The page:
Here, courtesy of crash.net, is the top 17 riders on the second day of testing at Losail. Fabio stuck in a hot lap late in the day to edge out Jack Miller and Aleix. Franco Morbidelli in P4. So, we don’t know, at this point, who to like on Sunday. Perhaps in a few weeks we’ll have a better idea. We do know, ahem, that Vale finished in P20 and Brad Binder, struggling, in P24.

It’s early.

Cheers.

Screenshot (437)

MotoGP 2020 October 2 Tranching Around

October 2, 2020

© Bruce Allen      October 2, 2020

MotoGP 2020 October 1 Tranching Around

Twiddling our collective thumbs during this week off before Le Mans, I thought it a worthy idea to take another look at the purely subjective rider rankings you and I embrace. I’m not yet at the point where I can do this much beyond the top ten in Moto2 and Moto3. Here, however, in the premier class, we aim to generate some light along with the heat, top to bottom, as follows:

Screenshot (100)

Tranche I     Marc Marquez in absentia; Fabio Quartararo; Joan Mir

Tranche II    Valentino Rossi; Andrea Dovizioso; Maverick Vinales; Jack Miller; Franco Morbidelli; Johann Zarco

Tranche III   Pecco Bagnaia; Takaa Nakagami; Alex Rins; Miguel Oliveira; Brad Binder; Pol Espargaro; Danilo Petrucci

Tranche IV   Alex Marquez; Aleix Espargaro; Cal Crutchlow; Iker Lecuona

Tranche V    Tito Rabat; Bradley Smith; Stefan Bradl

Without question, there is a wealth of young talent whose stars are rising. Some of these may have received lower rankings then they perhaps deserve because they are still learning their trade and making too many mistakes, i.e., Pecco Bagnaia. Their inability to recognize life-threatening situations, however, is a career asset in racing. Other riders whose careers are in descent—Rossi, Dovizioso, Cal Crutchlow, Danilo Petrucci—can expect to see their rankings fall later in the season as they begin to lose interest, relatively speaking. Absolutely able to race and race hard, just no longer willing to risk life and limb in the skinny places.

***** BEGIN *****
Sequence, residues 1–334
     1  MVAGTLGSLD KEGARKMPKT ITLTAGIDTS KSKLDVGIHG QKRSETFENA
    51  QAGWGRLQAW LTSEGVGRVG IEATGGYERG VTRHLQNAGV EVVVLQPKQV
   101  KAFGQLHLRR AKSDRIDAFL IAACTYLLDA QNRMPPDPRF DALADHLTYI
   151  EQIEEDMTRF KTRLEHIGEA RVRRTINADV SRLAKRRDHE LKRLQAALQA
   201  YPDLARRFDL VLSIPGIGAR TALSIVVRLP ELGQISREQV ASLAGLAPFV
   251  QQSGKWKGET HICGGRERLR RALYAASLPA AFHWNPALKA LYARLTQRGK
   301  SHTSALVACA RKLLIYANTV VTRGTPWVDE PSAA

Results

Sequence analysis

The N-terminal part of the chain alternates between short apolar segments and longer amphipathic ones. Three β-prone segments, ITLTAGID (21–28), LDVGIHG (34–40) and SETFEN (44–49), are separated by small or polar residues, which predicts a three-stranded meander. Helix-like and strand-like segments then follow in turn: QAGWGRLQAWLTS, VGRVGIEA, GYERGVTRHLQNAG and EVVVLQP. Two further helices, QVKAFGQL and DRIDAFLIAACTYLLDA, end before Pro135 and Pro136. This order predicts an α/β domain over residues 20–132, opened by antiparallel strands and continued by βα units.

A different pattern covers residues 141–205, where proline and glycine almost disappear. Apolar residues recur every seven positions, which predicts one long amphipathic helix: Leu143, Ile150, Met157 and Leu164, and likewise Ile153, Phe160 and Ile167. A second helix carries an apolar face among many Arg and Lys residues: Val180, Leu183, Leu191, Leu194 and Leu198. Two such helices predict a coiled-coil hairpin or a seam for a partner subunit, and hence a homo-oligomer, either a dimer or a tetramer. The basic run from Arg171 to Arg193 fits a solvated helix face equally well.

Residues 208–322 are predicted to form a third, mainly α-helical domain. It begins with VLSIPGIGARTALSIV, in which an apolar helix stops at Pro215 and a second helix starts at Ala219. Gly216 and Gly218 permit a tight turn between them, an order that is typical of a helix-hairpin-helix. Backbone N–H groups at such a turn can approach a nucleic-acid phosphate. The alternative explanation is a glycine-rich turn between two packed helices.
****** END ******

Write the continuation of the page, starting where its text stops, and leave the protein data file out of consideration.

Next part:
Re-Alignment of Teams and Riders at Ducati

So, the puzzle pieces are mostly slotted in at Ducati for next year, with Pecco Bagnaia getting his factory seat after turning 24 in January. He and Jack Miller will front the factory team. Johann Zarco and Jorge Martin, having received the rumored call-up from Moto2, will be the faces of Pramac Racing. Enea Bastianini, currently laboring in Moto2, has the inside track on the second Avintia Racing seat next to Tito Rabat, who is under contract for 2021 but may find himself bought out in favor of red-hot Luca Marini. Which is how it should be. Avintia should be the natural training ground for Moto2 grads moving up to MotoGP, with Pramac there to accept the successful grads and the factory team always looking to poach someone in the pipeline.

Very Darwinian in how it works in MotoGP. Do well in Moto3, go to Moto2. Do well in Moto2, go to MotoGP. Godspeed from there.

VR46 Racing to be a Yamaha Team?

Color me surprised. With the Petronas team kicking ass and the factory team being, well, the factory team, and with Suzuki in need of a second team, and with Rossi wanting perhaps to prove that it was Rossi, not Yamaha, who delivered all those titles, this headline at Crash took me by surprise. I didn’t read the article but suspect this might have been part of the Petronas 2021 deal, that Vale would get a third Yamaha team beginning in 2022. To keep the boys at Ducati and KTM honest during the Marquez Era at Honda, don’tcha know.

Le Mans Looms

Typically, it seems the Ducs and Yamahas like things in France, but there’s always the weather to contend with, as it seems to rain here as often as it doesn’t. One thing, though, is fairly certain: it should be cold, with daytime highs only in the 50’s F. Which means it could be in the 40’s in morning practice sessions. Add a little rain and you have a recipe for an extravagant comedy of errors. We’ll take a closer look at the forecast for Sarthe and environs next week. Ciao.

MotoGP: Life in Tier Two

August 30, 2020

© Bruce Allen

With an off weekend on our editorial hands, we thought it might be fun to take a quick look at the riders outside the top ten, get inside their heads a little, speculate as to what’s up with their 2020 season and, likely, beyond.